If you’re like most parents of children with speech and language delays, you would probably love to work on your child’s communication skills more but don’t have the time. Here are some fun ways to work speech and language skills into the bedtime routine you do every day.
- Labeling objects: Take time while giving your child a bath to label what is in the bathtub with him. You can label the water, shampoo, soap, sponge, wash cloth, toys, etc. Hold up each thing and show it to your child while you say the word by itself. Then, you can use the word in a sentence as well.
- Labeling actions: Talk about what you and your child are doing while you’re giving your child a bath. You can say “washing”, “pouring”, “splashing”, “squeezing”, “swimming”. Be sure to use these words by themselves as well as in sentences.
- Using adjectives: Talk about how things feel in the bathtub. If your child is old enough, you can ask her how things feel. Is the bath water hot or cold today? How does the soap feel? How does the toy feel?
- Get bath books: Book-reading is a great way to work on your child’s speech and language skills. Fortunately, there are many fun bath books that your child can read in the bathtub. Your child can be looking at pictures while you’re scrubbing and soaping him.
- Recalling the day’s events: While giving your child a bath, talk to her about what happened in her day. Be sure to ask specific questions like “what did you eat for lunch?”, “who did you play with at recess?” and “what did you make during craft time?”. You may also want to stick with questions you know the answers to (things you did with your child) so you can help her if she gets stuck.
- Location words: While your child is brushing his teeth, use location words to tell him where to brush next. You can tell him to brush his teeth on the top, bottom, back, front, middle, etc.
- Count or sing the ABCs while your child is brushing: To make sure your child spends enough time brushing her teeth, count or sing the ABCs while she is doing so. This will help her remember to keep going but will also give her exposure to hearing the order of numbers and alphabet.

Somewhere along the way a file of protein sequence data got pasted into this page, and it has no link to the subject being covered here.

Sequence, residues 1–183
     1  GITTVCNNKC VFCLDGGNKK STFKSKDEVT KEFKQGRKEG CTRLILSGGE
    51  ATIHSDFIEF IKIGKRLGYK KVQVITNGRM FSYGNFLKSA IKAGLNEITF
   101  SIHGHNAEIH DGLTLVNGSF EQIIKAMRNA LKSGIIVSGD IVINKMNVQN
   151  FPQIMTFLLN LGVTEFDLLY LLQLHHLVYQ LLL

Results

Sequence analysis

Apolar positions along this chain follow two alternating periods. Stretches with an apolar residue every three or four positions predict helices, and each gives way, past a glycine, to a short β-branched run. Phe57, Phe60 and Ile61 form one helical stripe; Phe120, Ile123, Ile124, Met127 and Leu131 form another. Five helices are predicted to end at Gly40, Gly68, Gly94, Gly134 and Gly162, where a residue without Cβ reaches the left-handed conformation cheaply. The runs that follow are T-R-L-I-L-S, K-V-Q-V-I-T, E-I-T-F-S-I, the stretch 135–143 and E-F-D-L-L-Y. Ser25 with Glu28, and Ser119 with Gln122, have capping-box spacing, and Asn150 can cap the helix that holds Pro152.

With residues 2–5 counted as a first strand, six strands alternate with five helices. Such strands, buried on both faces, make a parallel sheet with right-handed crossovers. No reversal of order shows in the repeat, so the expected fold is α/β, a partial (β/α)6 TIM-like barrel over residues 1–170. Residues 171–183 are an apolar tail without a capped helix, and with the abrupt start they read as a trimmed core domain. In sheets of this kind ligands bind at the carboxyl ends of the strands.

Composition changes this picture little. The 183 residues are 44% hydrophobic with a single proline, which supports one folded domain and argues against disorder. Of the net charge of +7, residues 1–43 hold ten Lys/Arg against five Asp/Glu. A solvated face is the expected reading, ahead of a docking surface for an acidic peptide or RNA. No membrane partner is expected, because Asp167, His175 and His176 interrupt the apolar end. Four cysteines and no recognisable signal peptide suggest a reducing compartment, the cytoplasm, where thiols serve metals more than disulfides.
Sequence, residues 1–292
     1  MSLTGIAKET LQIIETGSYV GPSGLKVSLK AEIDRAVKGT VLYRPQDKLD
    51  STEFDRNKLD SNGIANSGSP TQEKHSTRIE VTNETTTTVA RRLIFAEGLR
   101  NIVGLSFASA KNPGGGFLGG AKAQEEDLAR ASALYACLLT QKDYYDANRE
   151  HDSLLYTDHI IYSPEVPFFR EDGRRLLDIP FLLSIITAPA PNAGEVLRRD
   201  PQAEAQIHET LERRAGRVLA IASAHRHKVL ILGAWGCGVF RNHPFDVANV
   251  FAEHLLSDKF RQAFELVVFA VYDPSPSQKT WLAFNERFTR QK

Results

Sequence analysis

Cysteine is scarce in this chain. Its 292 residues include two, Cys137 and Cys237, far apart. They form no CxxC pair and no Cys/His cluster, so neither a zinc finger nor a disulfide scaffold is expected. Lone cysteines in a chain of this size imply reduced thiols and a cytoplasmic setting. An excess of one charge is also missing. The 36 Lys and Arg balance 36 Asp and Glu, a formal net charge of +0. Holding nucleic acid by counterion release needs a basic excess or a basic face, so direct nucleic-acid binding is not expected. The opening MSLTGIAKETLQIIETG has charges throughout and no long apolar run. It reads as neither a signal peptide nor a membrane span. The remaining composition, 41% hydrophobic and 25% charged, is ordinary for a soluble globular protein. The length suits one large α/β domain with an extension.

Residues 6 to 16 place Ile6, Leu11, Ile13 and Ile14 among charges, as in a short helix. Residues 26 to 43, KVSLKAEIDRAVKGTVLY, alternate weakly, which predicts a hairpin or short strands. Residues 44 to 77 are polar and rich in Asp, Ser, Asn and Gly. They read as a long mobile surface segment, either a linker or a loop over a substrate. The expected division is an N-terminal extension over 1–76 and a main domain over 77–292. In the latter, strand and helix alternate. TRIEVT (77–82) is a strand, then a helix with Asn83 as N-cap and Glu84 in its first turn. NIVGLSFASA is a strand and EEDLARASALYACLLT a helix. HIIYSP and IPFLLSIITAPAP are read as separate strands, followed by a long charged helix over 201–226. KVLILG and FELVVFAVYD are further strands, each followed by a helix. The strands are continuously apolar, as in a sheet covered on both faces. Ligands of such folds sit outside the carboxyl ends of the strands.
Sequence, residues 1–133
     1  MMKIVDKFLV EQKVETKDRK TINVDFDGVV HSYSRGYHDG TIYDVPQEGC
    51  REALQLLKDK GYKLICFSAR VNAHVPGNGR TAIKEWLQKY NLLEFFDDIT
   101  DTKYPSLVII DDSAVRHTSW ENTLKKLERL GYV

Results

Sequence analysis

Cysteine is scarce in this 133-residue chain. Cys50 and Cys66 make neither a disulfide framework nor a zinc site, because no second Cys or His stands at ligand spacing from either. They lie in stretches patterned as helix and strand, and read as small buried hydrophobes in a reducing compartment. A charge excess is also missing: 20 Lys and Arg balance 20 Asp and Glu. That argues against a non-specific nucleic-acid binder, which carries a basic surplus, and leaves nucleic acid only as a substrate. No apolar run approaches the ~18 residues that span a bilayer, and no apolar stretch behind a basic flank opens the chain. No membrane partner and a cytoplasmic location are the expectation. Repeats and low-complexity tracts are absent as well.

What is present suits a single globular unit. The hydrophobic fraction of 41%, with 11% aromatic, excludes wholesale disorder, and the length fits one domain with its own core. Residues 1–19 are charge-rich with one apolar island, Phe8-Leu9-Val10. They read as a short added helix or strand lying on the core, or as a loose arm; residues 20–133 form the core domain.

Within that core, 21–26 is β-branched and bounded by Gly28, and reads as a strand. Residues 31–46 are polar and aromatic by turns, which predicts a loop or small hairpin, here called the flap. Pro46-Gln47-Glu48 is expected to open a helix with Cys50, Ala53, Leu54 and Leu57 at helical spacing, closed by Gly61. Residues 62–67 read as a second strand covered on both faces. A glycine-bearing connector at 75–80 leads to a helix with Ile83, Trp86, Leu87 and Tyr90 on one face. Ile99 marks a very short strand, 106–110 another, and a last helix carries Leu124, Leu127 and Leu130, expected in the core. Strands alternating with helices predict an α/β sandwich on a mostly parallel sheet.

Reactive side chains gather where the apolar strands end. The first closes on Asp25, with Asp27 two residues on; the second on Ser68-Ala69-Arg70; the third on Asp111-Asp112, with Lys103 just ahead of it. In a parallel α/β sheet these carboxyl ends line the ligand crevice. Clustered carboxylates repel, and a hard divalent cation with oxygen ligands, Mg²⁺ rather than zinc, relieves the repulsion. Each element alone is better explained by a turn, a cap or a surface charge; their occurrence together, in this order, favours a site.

Putting on Pajamas
- Labeling objects and actions: Talk about what you’re doing while you’re doing it. You can label the objects that your child is putting on (shirt, pants, pajamas, slippers, etc.) as well as what your child is doing (put on, put arm in, pull up).
- Requesting: Let your child choose which pajamas to wear each night. Make sure your child uses his words to request the correct ones though.
- Book-reading is always a great way to work on speech and language skills.
Tucking Your Child In
- Predicting: Ask your child to guess one thing he thinks he will dream about tonight. Have him describe as many details as he can. Check with him in the morning to see if he was right.
- Goodnight Kisses: Help your child label body parts by asking her where she would like her goodnight kisses. Would she like a goodnight kiss on her head? On her nose? On her fingers?
Now all that’s left is exchanging hugs and kisses and it’s off to bed! You and your child will both enjoy the good quality time and your child’s communication skills will only grow stronger!
For more ways to include speech and language skills into your daily routine, check out my resource page: Including Speech and Language in Daily Routines